As a transcribed discourse from the conclusion of the story it lacks the context of the novel, and while it can perhaps be assumed that most readers will be familiar with prior events, the story having been filmed twice, it is not a selection which in isolation best represents the work or the writer, though it is interesting in that similar to the adaptive war machines of the Martians of his earlier novel The War of the Worlds the Selenites have evolved and self-engineered into specific niches of function.
Published twenty-seven years after Wells though set in the “enlightened era of the twenty-first century,” Charles Cloukey’s Sub-Satellite is a more technically ambitious trip ahead of its time when the science of rocketry was in its pre-World War Two infancy, written when Cloukey was only a teenager, and taken by typhoid fever he never even made it to his twenties; what a waste, starry dreamer.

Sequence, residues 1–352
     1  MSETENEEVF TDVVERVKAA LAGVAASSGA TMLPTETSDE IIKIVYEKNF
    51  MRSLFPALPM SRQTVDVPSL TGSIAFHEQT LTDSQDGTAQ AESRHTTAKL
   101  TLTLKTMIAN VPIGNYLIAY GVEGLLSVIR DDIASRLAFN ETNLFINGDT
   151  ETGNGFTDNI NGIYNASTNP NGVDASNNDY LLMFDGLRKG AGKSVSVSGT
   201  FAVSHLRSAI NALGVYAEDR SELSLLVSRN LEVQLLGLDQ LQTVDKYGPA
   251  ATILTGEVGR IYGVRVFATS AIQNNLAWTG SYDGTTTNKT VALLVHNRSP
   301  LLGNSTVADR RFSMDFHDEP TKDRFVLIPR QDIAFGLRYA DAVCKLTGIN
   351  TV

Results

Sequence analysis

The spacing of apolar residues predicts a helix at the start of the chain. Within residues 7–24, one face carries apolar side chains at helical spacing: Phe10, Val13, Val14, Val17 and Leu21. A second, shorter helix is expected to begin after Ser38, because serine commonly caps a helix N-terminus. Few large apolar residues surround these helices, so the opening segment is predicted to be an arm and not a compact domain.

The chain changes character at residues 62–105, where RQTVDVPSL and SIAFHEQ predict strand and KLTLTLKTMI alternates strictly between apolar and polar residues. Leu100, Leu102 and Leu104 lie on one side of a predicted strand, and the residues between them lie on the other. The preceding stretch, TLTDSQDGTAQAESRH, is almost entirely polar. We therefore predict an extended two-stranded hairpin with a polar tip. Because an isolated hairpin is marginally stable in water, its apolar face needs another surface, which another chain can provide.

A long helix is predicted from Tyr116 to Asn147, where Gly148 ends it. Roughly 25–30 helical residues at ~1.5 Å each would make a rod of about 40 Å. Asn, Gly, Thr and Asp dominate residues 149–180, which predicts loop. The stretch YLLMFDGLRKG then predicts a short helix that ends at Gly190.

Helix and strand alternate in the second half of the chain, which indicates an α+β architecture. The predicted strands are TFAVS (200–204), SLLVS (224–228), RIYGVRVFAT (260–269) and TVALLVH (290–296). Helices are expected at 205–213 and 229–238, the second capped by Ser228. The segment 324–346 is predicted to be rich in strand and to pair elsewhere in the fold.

Wrapped in a framing story which serves little purpose other than to facilitate the telling, with a distinct narrative reflecting the adventure and mystery fiction popular in the twenties, the age of Buchan and Christie, it speaks of a grasp of the subject far ahead of the age in which Cloukey lived and died; five years younger than Heinlein, five years older than Clarke, had his career continued his almost-forgotten name might now be as familiar as many of his peers.
A direct connection with Clarke follows in William F Temple’s Lunar Lillput, for both were members of the British Interplanetary Society at the same time, serving respectively as treasurer and publicity director, and that organisation forms a backdrop for Temples’ excursion aboard The Pioneer as his three crew “step blindly out into the darkness where none have been before.”